Despite the global recession triggered by the Covid-19 pandemic, China has managed to largely avoid the economic fallout. It reported a rise in GDP of 7.9 per cent for the second quarter of 2021 compared to the same period the year before – much higher than most developed nations.
With annual growth rates averaging 10 per cent over the past 30 years, China has become the world’s fastest-growing major economy and the second largest economy overall behind the US.
But while this rapid expansion has lifted millions out of poverty, it has also widened the gap between the country’s richest and poorest.
World Bank estimates of the Gini coefficient – an economic measure showing the level of income inequality in a country – put China among the most unequal major global economies, behind most of Europe, but ahead of the US.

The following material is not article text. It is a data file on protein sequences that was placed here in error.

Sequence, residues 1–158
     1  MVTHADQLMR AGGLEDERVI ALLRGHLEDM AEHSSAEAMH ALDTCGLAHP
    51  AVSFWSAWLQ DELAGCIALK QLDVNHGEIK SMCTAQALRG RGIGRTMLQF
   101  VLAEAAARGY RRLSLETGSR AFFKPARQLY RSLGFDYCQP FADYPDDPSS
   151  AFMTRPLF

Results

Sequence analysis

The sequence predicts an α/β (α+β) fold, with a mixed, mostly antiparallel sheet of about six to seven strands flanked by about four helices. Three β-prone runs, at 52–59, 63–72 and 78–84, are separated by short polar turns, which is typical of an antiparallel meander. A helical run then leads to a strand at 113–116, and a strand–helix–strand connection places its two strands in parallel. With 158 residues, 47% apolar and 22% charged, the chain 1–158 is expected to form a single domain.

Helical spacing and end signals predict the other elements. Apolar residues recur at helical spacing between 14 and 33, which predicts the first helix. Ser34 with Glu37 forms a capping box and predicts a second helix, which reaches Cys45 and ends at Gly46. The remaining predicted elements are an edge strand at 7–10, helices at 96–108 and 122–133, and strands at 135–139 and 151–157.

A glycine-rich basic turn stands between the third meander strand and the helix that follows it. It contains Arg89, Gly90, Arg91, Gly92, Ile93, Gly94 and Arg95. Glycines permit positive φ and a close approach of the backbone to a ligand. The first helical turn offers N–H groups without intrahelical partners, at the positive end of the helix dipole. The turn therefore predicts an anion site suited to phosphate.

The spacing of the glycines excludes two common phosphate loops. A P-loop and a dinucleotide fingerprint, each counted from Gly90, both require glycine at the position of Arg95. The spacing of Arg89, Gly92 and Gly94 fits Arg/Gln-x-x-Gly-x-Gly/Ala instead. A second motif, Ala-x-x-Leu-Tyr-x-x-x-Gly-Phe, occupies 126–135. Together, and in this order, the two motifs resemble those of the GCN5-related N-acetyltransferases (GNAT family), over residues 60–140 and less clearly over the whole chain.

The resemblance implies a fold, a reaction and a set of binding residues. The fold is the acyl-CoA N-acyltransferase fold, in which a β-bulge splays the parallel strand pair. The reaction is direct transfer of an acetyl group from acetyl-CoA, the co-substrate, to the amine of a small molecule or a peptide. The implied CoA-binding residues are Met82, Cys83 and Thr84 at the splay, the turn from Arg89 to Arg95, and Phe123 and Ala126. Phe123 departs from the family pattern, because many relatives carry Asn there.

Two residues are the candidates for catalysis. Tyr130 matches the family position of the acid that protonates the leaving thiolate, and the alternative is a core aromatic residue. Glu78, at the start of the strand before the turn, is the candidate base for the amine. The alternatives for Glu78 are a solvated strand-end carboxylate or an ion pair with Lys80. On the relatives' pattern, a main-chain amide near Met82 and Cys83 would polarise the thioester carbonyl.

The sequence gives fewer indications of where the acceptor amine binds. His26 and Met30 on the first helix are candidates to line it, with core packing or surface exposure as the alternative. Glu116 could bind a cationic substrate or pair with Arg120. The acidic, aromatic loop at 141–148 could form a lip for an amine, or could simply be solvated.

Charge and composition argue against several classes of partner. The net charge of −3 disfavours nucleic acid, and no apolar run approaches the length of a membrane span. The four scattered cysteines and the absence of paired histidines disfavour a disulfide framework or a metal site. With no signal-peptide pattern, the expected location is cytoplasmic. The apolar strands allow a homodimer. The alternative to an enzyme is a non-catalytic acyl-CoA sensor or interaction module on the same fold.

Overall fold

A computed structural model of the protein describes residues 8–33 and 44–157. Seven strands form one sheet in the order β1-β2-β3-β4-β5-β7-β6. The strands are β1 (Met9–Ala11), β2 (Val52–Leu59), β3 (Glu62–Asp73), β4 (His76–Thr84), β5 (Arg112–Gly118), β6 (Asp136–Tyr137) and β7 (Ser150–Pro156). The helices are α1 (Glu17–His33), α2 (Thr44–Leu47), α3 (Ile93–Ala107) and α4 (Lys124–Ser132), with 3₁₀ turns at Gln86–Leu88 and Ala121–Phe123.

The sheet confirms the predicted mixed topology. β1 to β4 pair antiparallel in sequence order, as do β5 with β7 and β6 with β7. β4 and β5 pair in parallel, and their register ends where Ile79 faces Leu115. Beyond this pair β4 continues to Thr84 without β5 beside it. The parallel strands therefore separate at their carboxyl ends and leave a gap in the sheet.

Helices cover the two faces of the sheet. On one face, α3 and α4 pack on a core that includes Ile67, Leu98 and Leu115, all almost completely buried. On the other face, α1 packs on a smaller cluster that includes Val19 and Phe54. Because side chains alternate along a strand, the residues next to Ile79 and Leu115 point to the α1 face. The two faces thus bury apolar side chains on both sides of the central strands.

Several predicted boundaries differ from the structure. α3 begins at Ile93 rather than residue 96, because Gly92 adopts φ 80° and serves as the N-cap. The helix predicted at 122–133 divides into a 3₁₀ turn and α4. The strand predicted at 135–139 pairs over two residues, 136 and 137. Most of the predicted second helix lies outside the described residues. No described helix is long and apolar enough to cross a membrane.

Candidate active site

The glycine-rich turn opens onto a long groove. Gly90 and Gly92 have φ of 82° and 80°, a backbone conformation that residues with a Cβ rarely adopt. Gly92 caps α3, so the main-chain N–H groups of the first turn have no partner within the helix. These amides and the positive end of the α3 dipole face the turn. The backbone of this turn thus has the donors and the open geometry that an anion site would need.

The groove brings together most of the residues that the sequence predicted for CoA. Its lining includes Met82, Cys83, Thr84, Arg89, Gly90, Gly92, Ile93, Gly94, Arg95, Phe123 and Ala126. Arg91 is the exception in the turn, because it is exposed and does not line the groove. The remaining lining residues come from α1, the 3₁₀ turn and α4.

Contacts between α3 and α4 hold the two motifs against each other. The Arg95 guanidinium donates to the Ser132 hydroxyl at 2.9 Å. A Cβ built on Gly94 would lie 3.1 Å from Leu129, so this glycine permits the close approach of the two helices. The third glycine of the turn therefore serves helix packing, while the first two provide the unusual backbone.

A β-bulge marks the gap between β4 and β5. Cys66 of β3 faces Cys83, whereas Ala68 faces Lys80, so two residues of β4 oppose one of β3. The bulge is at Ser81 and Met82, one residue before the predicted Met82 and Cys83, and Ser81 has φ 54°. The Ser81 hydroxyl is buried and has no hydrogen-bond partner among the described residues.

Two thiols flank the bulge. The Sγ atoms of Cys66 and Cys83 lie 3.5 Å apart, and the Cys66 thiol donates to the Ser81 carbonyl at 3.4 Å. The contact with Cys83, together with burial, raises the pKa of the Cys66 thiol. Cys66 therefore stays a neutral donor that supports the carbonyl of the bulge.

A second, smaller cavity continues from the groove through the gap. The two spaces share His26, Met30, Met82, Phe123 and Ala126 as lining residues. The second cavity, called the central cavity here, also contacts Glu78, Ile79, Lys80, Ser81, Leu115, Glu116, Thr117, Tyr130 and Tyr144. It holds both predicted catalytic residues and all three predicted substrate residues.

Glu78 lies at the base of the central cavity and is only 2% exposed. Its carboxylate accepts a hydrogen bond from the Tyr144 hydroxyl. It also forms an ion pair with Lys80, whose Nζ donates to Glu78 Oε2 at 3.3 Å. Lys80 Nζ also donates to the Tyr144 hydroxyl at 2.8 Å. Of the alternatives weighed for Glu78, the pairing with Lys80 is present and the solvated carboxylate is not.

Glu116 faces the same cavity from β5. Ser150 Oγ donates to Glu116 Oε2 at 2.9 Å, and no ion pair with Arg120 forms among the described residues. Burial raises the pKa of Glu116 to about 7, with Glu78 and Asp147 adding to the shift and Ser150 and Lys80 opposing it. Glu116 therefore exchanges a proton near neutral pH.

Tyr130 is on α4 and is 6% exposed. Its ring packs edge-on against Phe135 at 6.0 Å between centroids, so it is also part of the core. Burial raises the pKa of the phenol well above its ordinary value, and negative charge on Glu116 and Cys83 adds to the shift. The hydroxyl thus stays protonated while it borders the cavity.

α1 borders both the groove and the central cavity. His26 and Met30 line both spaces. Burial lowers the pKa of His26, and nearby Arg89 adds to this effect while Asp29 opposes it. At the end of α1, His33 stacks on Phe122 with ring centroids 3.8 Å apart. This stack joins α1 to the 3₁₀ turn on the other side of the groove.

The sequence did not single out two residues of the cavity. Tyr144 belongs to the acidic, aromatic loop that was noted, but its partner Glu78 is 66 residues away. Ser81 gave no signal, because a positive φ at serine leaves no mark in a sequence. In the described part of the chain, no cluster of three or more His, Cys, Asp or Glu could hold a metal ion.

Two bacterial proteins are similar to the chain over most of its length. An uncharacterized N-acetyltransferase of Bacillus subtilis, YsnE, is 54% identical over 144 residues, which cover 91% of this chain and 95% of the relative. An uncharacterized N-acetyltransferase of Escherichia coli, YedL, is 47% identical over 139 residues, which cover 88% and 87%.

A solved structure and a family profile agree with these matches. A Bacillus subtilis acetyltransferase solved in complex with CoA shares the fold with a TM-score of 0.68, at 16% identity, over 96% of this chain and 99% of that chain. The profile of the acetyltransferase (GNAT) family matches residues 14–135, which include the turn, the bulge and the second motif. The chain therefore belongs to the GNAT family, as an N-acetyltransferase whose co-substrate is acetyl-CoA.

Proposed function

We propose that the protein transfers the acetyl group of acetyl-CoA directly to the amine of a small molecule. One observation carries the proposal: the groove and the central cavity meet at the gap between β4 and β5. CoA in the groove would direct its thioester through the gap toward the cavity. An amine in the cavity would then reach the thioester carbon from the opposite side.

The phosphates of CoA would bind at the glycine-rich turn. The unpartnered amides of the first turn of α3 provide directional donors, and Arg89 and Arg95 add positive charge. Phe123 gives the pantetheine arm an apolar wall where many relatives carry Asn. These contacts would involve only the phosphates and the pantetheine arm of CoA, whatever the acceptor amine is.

Chinese officials have vowed address these inequalities, with President Xi Jinping stressing the need for “common prosperity” in a speech last week, and pledging to create “conditions that are more inclusive and fair” and to “adjust excessive incomes”.
Among the first victims of the Chinese government’s new focus on workplace culture is Kweichow Moutai, the world’s largest liquor company and one of the most recognisable symbols of wealth among Chinese elites, which was criticised by China’s top anti-corruption watchdog earlier this month.